We have tried to be consistent in our rules and discipline, but the truth is, things are so chaotic and difficult that we have often failed. Now he doesn’t seem to care what the consequences are of an action, he ignores us and does what he pleases. What do you do when a child so young looks you in the eye and tells you “NO”? He knows I am physically unable to move or restrain him, and dad is gone all day. We are sliding down a slippery slope…
So we have a very sick mom, a dad working full time (at a new job) and taking care of much of the home stuff, because I cannot, and a little boy who is about to explode with all of his emotions. I feel like we are in a pressure cooker, and someone closed the steam valve.
To be clear, he is a sweet, wonderful boy most of the time, and this behavior is recent and due (I think) to my constant sickness and inability to do anything physical (ie: bedrest) When this baby is born and I can return to normal life (if sleep deprived- which sounds wonderful compared to how it is now), things will get better, but I can’t just leave him hanging in the wind until then. Has anyone been in my shoes? Does anyone know any good books or have any sage advice? It is seriously breaking my heart to see my child so angry and hurting, not knowing how to help him.
So, I ask you, my fellow mommy-friends, to please share any pearls you might have. I’m worried the thread we are hanging from is beginning to ravel…
Are you a Queen Bee?
16 Mar 2006 12:01 am
By Heather O.
I was reading Parenting Magazine the other day (one of my many highly tuned avoidance strategies I utilize these days as we prepare for a move. Have I mentioned I hate moving?). There was an interesting article from the book “Queen Bee Moms and Kingpin Dads” about what kinds of mothers there are, written by the woman who wrote the book that the movie “Mean Girls” is based on.
I’d find the link to the article if I wasn’t so tired right now, but basically the gist was that all moms fall into certain categories. And, sadly, none of them sounded particularly appealing. Also, I don’t think it really described the moms I know.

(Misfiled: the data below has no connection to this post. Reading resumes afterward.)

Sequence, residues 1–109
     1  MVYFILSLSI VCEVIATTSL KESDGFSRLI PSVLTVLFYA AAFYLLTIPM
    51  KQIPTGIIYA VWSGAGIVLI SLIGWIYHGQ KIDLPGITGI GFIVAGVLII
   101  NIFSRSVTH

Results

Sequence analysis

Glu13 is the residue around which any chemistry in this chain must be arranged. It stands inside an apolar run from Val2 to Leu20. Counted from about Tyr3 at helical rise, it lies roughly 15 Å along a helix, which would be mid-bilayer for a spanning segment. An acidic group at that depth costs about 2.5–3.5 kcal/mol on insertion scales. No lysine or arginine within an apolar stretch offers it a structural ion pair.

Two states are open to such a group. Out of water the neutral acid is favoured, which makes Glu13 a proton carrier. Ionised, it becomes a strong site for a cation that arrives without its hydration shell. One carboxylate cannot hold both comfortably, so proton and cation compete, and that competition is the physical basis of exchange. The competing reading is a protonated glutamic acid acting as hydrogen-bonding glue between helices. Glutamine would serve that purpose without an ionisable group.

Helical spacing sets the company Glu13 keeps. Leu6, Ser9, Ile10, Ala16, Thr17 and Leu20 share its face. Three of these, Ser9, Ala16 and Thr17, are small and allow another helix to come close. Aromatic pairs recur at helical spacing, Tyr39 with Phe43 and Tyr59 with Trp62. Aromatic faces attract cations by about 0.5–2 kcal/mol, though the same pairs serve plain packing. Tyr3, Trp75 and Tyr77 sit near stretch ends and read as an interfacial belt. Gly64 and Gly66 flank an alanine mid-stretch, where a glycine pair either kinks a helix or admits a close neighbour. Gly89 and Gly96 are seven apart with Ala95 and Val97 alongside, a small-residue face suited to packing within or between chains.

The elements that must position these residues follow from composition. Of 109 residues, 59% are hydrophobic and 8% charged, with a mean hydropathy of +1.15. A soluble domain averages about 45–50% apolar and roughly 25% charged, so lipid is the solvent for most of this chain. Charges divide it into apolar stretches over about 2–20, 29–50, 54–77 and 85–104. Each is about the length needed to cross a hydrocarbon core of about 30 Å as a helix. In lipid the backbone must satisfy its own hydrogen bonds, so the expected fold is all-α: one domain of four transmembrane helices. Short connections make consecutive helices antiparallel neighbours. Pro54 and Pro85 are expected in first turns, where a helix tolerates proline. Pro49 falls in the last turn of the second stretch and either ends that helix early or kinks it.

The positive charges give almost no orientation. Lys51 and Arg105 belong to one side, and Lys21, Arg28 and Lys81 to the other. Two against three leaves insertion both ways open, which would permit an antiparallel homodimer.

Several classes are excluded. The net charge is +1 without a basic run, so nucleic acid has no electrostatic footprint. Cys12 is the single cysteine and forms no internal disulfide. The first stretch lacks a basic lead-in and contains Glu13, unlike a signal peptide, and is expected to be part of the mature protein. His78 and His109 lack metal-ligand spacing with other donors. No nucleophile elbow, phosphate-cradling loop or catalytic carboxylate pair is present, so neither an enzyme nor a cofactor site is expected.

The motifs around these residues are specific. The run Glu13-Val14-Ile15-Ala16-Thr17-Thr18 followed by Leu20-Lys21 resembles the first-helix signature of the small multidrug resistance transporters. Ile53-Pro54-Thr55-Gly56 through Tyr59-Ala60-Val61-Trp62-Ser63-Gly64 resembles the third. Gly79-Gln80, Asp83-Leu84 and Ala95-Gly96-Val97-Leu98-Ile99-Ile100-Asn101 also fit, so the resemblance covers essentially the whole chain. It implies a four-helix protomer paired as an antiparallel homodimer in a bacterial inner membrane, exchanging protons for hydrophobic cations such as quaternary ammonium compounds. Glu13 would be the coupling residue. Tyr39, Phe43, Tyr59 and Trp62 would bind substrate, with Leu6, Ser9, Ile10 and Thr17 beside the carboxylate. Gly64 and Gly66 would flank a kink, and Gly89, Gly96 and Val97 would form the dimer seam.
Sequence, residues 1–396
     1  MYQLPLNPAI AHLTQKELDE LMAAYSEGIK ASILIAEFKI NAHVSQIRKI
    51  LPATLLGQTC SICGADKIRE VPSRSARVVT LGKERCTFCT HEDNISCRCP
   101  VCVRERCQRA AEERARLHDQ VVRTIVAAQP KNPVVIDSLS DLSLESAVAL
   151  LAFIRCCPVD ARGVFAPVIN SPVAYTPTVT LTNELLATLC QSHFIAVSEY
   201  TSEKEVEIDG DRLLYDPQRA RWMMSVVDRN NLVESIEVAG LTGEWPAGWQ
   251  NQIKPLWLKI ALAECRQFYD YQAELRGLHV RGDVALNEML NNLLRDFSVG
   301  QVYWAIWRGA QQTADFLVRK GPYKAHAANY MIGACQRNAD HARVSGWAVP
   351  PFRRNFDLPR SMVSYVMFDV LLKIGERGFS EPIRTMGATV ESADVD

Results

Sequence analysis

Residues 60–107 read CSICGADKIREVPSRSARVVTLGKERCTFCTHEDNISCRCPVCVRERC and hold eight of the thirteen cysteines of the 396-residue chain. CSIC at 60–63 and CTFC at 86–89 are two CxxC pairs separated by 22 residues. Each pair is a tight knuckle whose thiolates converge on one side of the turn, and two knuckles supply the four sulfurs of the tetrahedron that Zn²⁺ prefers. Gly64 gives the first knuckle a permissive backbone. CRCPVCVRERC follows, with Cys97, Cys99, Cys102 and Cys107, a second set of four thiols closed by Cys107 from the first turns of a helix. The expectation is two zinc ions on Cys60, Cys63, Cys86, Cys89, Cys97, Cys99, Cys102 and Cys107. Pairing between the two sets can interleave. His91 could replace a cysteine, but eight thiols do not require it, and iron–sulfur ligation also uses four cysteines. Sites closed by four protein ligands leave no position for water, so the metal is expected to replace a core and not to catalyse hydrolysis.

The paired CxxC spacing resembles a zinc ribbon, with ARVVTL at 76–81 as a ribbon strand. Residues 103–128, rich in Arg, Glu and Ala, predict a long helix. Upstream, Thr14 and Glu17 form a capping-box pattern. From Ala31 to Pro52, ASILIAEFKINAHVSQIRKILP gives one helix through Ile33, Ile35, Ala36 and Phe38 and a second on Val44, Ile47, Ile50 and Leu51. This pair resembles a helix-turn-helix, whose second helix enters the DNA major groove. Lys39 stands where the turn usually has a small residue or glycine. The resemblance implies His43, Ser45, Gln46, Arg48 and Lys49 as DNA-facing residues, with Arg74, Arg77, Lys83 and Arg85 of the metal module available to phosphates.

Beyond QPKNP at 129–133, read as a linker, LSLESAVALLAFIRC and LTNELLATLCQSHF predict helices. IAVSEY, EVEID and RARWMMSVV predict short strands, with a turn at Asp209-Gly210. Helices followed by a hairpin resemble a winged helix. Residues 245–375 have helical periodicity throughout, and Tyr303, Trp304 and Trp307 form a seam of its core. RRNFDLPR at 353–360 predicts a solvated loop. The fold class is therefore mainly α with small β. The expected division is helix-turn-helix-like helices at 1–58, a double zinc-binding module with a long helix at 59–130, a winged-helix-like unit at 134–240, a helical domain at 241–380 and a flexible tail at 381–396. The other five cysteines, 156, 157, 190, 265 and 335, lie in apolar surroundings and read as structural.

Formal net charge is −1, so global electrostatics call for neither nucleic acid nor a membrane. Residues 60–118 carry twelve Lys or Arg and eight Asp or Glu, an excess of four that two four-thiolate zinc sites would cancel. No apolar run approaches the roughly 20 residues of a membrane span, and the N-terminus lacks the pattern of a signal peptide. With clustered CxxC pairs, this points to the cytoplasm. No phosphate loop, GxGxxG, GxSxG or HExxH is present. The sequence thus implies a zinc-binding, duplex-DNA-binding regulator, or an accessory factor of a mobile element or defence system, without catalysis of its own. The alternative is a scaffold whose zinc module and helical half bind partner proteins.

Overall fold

First, there’s the “Queen Bee” moms, moms who run everything, who are the neighborhood gossips, and who only let other moms be in charge of stuff when she gives her permission to do so. Also, her neighborhood gossip isn’t really gossip in her mind, because she is only telling people about other moms to say, “Poor thing”, or “How can we help such a hopeless cause?” Ok, so I actually DO know a mom like this in our neighborhood, but truly, she is the only person I know who fits such a nasty description.
There’s the “Sidekick” moms, women who suck up to the Queen Bees, “Starbucks and Sympathy” moms, women who will sympathize with you, give you comfort, and then turn on you, spreading malicious gossip that they can use to their own advantage.
Then there were the “Wannabes”, and the “Desperate Wannabees”, women who follow the Queen Bee around like drones, and gossip as well. They are the ones who get permission from the Queen Bee to plan the Boy Scout box car derby, and try to do it to perfection, just so they can outshine other moms, and even, possibly (dare to dream!) the Queen Bee herself. They are social climbers who climb the ladders by using their children’s activities. Again, what a nasty description of a mother.